Forum Paper
Forum Paper
Italian natural history museums on the verge of collapse?
expand article infoFranco Andreone, Luca Bartolozzi§, Giovanni Boano|, Ferdinando Boero, Marco Alberto Bologna#, Mauro Bon¤, Nicola Bressi«, Massimo Capula», Achille Casale˄, Maurizio Casiraghi˅, Giorgio Chiozzi¦, Massimo Delfinoˀ, Giuliano Doriaˁ, Antonio Durante, Marco Ferrari, Spartaco Gippoliti, Michele Lanzinger, Leonardo Latella, Nicola Maio, Carla Marangoni», Stefano Mazzotti, Alessandro Minelli, Giuseppe Muscio, Paola Nicolosi, Telmo Pievani, Edoardo Razzetti, Giorgio Sabella, Marco Valle, Vincenzo Vomero», Alberto Zilli‡‡
‡ Museo Regionale di Scienze Naturali, Torino, Torino, Italy
§ Museo Zoologico "La Specola", Florence, Italy
| Museo Civico di Storia Naturale, Carmagnola, Italy
¶ DiSTeBa - Museo di Biologia Marina “Pietro Parenzan” - Università del Salento, Lecce, Italy
# University Roma Tre, Roma, Italy
¤ Museo di Storia Naturale, Venice, Italy
« Museo Civico di Storia Naturale, Trieste, Italy
» Museo Civico di Zoologia, Rome, Italy
˄ Universitа di Sassari, Sassari, Italy
˅ University of Milano Bicocca, Milano, Italy
¦ Museo Civico di Storia Naturale, Milan, Italy
ˀ Università degli Studi di Torino, Torino, Italy
ˁ Museo Civico di Storia Naturale, Genoa, Italy
₵ Museo di Storia Naturale del Salento, Calimera, Italy
ℓ Swim (Science writer in Italy), Milan, Italy
₰ Viale Liegi, 48, Rome, Italy
₱ MUSE, Museo delle Scienze, Trento, Italy
₳ Museo Civico di Storia Naturale di Verona, Verona, Italy
₴ Museo Zoologico, Centro Museale Università di Napoli Federico II, Naples, Italy
₣ Museo di Storia Naturale, Ferrara, Italy
₮ University of Padova, Padova, Italy
₦ Museo Friulano di Storia Naturale, Udine, Italy
₭ Università di Padova, Museo di Zoologia, Padova, Italy
₲ Università di Padova, Dipartimento di Biologia, Padova, Italy
‽ Università di Pavia, Museo di Storia Naturale, Pavia, Italy
₩ Università di Catania, Dipartimento di Scienze Biologiche, Geologiche ed Ambientali, Catania, Italy
₸ Museo Civico di Scienze Naturali "E. Caffi", Bergamo, Italy
‡‡ The Natural History Museum, London, United Kingdom
Open Access


The Italian natural history museums are facing a critical situation, due to the progressive loss of scientific relevance, decreasing economic investments, and scarcity of personnel. This is extremely alarming, especially for ensuring the long-term preservation of the precious collections they host. Moreover, a commitment in fieldwork to increase scientific collections and concurrent taxonomic research are rarely considered priorities, while most of the activities are addressed to public events with political payoffs, such as exhibits, didactic meetings, expositions, and talks. This is possibly due to the absence of a national museum that would have better steered research activities and overall concepts for collection management. We here propose that Italian natural history museums collaborate to instate a “metamuseum”, by establishing a reciprocal interaction network aimed at sharing budgetary and technical resources, which would assure better coordination of common long-term goals and scientific activities.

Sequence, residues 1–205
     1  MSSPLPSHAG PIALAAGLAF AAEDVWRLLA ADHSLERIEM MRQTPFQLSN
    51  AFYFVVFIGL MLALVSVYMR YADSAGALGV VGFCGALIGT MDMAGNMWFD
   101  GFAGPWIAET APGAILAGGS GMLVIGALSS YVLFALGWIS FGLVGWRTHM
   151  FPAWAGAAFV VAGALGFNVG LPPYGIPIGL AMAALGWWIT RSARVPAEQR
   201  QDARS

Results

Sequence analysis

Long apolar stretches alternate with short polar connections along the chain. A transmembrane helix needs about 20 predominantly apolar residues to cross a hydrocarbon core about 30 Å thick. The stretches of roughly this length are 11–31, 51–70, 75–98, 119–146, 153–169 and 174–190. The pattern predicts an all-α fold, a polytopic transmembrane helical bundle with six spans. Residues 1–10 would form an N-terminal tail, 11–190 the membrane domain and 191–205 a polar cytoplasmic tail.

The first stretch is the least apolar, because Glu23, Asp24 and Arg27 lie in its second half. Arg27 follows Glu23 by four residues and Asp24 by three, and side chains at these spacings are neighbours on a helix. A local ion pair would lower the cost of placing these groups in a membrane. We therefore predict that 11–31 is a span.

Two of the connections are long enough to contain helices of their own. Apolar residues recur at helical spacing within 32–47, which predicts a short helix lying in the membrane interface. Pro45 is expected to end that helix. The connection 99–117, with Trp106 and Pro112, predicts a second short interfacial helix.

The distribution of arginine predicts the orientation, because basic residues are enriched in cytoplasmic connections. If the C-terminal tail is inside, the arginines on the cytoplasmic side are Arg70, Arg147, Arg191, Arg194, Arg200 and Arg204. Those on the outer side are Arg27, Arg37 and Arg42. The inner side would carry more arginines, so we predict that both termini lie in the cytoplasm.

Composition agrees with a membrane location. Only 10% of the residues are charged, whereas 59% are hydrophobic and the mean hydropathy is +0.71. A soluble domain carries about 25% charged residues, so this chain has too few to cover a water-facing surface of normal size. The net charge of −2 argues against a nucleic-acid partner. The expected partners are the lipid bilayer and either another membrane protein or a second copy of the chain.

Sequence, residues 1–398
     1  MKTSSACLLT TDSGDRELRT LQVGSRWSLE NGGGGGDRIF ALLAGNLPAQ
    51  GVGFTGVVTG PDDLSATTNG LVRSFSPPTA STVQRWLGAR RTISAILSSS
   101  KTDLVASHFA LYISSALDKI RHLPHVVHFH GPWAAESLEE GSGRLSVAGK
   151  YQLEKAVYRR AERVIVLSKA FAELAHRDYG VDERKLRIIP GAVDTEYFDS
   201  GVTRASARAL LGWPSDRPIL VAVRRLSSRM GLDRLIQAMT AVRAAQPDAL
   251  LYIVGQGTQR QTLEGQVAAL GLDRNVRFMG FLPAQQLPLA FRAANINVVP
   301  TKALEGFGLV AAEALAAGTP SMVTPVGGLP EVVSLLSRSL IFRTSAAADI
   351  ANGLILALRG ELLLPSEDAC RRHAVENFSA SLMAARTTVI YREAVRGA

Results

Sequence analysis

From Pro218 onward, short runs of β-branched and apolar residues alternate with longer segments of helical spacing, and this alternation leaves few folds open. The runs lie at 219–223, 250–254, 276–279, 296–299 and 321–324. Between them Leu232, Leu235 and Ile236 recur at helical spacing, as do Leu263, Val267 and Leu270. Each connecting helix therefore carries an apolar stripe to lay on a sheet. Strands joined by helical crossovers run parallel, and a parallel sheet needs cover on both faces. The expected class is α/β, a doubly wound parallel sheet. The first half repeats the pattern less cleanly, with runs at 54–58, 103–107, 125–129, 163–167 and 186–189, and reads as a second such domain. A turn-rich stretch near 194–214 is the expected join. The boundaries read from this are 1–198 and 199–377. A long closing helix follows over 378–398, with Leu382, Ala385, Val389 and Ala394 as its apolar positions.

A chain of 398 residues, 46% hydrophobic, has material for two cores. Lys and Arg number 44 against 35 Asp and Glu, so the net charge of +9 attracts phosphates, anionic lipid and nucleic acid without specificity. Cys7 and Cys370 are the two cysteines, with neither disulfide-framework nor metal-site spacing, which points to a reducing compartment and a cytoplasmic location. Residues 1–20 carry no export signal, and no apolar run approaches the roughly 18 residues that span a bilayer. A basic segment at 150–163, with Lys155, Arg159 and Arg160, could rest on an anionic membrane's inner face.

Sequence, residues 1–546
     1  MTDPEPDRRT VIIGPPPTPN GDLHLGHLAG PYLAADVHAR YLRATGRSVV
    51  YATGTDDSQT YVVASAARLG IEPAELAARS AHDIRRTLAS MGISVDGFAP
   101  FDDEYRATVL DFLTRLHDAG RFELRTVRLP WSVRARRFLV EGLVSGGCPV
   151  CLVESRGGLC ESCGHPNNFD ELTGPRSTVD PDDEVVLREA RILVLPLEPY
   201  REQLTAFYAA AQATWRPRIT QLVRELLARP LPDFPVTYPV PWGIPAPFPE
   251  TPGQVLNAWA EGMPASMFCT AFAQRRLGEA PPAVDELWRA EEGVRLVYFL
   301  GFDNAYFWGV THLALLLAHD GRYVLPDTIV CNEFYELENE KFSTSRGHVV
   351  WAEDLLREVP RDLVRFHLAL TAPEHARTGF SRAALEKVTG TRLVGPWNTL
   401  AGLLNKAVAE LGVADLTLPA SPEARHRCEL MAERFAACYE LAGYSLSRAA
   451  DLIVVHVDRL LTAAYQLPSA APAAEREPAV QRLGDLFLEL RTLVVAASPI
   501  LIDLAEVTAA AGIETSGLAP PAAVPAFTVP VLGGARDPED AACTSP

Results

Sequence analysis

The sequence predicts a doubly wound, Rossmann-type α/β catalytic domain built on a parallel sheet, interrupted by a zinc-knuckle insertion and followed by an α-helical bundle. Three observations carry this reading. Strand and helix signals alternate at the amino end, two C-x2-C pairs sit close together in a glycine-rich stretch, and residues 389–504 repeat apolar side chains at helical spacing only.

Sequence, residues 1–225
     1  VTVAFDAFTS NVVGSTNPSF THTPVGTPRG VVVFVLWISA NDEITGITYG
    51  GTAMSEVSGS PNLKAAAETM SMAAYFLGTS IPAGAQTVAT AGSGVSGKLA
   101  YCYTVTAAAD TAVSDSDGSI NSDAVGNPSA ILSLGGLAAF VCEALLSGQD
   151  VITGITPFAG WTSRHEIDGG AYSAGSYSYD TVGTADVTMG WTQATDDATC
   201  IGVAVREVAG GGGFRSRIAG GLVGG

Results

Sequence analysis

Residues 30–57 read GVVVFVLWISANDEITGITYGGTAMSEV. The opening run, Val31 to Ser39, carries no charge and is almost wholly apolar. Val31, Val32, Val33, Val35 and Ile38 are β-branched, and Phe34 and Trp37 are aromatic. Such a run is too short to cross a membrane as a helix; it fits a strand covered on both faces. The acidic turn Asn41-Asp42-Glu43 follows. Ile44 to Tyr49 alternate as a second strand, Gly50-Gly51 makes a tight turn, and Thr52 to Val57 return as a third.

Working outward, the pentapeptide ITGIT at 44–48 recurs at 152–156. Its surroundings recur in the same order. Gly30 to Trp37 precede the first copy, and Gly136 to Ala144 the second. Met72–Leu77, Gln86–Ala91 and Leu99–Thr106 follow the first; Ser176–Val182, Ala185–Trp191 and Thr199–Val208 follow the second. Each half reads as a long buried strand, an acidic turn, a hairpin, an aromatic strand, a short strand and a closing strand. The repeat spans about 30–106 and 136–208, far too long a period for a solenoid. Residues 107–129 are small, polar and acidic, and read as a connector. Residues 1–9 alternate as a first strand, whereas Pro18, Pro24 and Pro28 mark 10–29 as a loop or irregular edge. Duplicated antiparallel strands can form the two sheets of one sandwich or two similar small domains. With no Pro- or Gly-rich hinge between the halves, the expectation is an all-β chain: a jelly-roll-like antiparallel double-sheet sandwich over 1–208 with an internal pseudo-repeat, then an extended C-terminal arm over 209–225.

Biodiversity, Italy, metamuseum, natural history museums

Italy and biodiversity

Italy is universally known for its history, culture, food and art. Almost everyone knows the towns of Venice, Florence, and Rome, the classical Roman history which inspires architecture, literature and movies, and Leonardo da Vinci’s Last Supper and the Mona Lisa, which are among the most seen and reproduced paintings in the history of art. The list could go on for pages, but here we want to focus our attention on another invaluable and too often forgotten asset: natural history museums (NHMs) and the scientific specimens they preserve to document national (and international) biodiversity. A few numbers highlight the point: there are 12,000–13,000 species or subspecies of flowering plants in Europe, and approximately two thirds live in Italy. Furthermore, a rough count shows at least 160,000 animal species in Europe; in the recent Italian checklist their total for the country alone exceeds 56,000 (Minelli 1996).

Museum legacy

Similar to what has happened elsewhere, many Italian naturalists of 19th century, among which Orazio Antinori, Odoardo Beccari, Enrico Festa, Filippo De Filippi, Giacomo Doria, and Carlo Piaggia, visited remote areas of the world and documented biodiversity by collecting remarkable plant and animal specimens, which were deposited in Italian NHMs and became a great resource for studies and natural resources enhancement (Mazzotti 2011). NHMs act as the interface between science and the public, safeguarding scientific collections and promoting education (McCarter et al. 2001; Suarez and Tsutsui 2004). In fact, the scientific role of NHMs in life sciences is exceptionally relevant: to maintain and increase collections and to perform taxonomic studies. Taxonomy is indeed a science, which is particularly developed by curators, since type specimens – upon which the original descriptions are based – are usually deposited in their museum collections. Cataloguing world biodiversity is a specific museum mission, since this activity facilitates taxonomic activities and helps in protecting threatened species (Butler et al. 1998).

A plea for natural history museums